Mark Stokes

Episode #261: Mark Stokes’ new book explains how SSAS pensions can help you grow your portfolio

SSAS pensions

When we first spoke to Mark Stokes two and a half years ago, he had recently left the corporate world after 26 years and had just started transplanting his big business approach to property. Since then his portfolio has bloomed and he is publishing his second book. We caught back up with him to discuss why he loves commercial to residential conversions, the benefits of SSAS pensions and why he thinks everyone has a book in them.

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Getting into property

When Mark left the corporate world for good at the age of 45 in 2005, he resigned from the board of seven different companies. Whilst having built a hugely successful career for himself, his decision to leave was fuelled by his desire to spend more time with his family. ‘The more successful I became in my corporate life, the less time I was spending with them,’ he says.

Today he relishes the freedom and time that leaving his job behind for property has provided him with. ‘What it gives me now is the joy and privilege to do things with people I want to be with. I work predominantly from home. I see my children before they go to school. I’m here most evenings of the week when they get back. It’s a real joy.’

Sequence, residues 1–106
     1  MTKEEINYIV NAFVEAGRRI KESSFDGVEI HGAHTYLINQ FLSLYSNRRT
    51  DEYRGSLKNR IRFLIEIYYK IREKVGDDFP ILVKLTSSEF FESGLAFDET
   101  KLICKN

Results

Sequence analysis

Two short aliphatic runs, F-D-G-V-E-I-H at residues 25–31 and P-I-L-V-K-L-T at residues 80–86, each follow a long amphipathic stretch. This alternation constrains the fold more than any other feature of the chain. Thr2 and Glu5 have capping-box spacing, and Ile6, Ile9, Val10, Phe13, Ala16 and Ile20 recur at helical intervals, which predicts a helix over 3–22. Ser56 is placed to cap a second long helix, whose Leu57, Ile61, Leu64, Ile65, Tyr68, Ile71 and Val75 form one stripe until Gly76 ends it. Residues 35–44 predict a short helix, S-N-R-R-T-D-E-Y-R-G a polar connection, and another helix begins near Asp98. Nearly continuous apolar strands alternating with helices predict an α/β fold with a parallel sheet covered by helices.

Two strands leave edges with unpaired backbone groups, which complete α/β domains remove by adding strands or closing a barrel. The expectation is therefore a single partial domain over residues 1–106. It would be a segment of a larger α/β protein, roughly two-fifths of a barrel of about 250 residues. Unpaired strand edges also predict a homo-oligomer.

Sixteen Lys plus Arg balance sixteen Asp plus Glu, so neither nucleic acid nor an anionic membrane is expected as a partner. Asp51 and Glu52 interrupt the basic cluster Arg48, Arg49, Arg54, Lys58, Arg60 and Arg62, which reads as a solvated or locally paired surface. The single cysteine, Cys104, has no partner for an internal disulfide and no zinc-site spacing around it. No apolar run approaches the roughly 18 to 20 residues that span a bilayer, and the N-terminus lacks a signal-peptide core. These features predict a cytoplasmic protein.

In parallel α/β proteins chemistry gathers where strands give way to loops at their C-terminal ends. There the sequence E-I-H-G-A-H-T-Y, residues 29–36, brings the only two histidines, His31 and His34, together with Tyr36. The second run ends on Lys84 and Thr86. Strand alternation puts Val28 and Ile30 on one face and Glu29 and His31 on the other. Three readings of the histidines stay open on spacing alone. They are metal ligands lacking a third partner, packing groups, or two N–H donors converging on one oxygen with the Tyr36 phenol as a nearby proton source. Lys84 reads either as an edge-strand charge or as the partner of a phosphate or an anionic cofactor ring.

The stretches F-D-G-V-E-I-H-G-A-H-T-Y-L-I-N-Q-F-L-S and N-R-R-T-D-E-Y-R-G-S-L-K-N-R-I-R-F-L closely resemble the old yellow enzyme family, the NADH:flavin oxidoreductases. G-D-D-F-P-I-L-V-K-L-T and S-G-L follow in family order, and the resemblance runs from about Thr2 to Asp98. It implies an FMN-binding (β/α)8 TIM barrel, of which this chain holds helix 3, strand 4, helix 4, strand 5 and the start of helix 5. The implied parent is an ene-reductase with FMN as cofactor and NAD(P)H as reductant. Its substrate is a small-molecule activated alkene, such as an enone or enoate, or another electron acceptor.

However, as he explained last time he appeared on the podcast, leaving the corporate world didn’t mean he no longer had big ambitions. Rather, he has brought his years of experience in big business to bear on property.

Pivoting to a commercial to residential strategy

Whilst Mark has built a portfolio of HMO rooms in excess of 100, he now prefers to focus on commercial to residential conversions, saying that they’re more in the realm of his skillset. ‘What we particularly enjoy is mixed-use developments where we have opportunity to secure two or three, anywhere up to five commercial units with residential potential above,’ he says.

He adds: ‘we tend not to like too much concentration risk in one particular area. We tend to find a ceiling of 40 or 50 units is plenty in one particular area.’

Mark initially dabbled in rent-to-rent serviced accommodation, but says it quickly became clear to him he wasn’t comfortable having a service driven business in that area. ‘I wanted hard ownership of an asset class,’ he explains.

Top tips on building a property business

Mark does all his sourcing in-house, not trusting others to do his own due diligence. When searching for commercial properties for conversion, he says not to rule out properties that might be only available to let. Often vendors can be persuaded to consider other options such as selling if they’re desperate to make use of the asset in some way.

He also warns against becoming attached to properties. ‘We’re very passionate about all our developments, but we don’t get emotional about them,’ he says. ‘No development ever runs like the swan gliding across the water. It’s the feet underneath the water that keep the swan gliding smoothly,’ he says. ‘Contextualising what you’re trying to achieve and how and with what is important.’